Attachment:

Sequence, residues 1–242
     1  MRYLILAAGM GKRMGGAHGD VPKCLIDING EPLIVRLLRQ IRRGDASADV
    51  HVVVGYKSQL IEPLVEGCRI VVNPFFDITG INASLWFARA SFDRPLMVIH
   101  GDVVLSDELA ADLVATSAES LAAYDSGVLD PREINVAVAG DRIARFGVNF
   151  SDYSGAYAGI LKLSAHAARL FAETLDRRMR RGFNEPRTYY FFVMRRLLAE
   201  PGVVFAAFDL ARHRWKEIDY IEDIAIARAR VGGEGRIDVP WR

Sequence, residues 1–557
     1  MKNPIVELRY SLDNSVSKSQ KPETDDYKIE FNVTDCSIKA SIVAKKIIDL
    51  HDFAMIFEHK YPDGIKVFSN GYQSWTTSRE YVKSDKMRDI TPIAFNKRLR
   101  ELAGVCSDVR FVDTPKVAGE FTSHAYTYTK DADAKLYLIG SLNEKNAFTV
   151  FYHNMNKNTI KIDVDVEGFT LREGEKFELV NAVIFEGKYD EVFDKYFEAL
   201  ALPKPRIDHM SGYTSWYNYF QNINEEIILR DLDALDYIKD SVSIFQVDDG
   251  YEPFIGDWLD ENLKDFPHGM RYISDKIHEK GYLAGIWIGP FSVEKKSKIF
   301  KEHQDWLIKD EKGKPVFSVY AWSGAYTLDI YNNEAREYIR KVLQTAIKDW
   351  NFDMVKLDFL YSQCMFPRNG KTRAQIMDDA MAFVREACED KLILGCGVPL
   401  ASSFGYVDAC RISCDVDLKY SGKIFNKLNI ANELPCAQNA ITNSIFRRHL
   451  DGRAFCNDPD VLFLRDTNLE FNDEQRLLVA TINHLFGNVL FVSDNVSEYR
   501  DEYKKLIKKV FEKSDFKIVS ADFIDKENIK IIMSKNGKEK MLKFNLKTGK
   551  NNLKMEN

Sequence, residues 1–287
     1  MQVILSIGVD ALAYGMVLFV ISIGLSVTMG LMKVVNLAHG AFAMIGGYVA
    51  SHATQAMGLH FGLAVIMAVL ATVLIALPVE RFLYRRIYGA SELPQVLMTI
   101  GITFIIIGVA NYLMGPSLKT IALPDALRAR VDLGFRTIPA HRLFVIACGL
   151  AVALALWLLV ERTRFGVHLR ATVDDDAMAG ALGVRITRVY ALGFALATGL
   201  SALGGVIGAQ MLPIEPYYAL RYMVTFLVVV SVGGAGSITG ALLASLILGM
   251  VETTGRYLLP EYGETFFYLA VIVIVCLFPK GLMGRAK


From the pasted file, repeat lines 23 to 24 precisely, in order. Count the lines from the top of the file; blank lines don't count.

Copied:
   101  GITFIIIGVA NYLMGPSLKT IALPDALRAR VDLGFRTIPA HRLFVIACGL
   151  AVALALWLLV ERTRFGVHLR ATVDDDAMAG ALGVRITRVY ALGFALATGL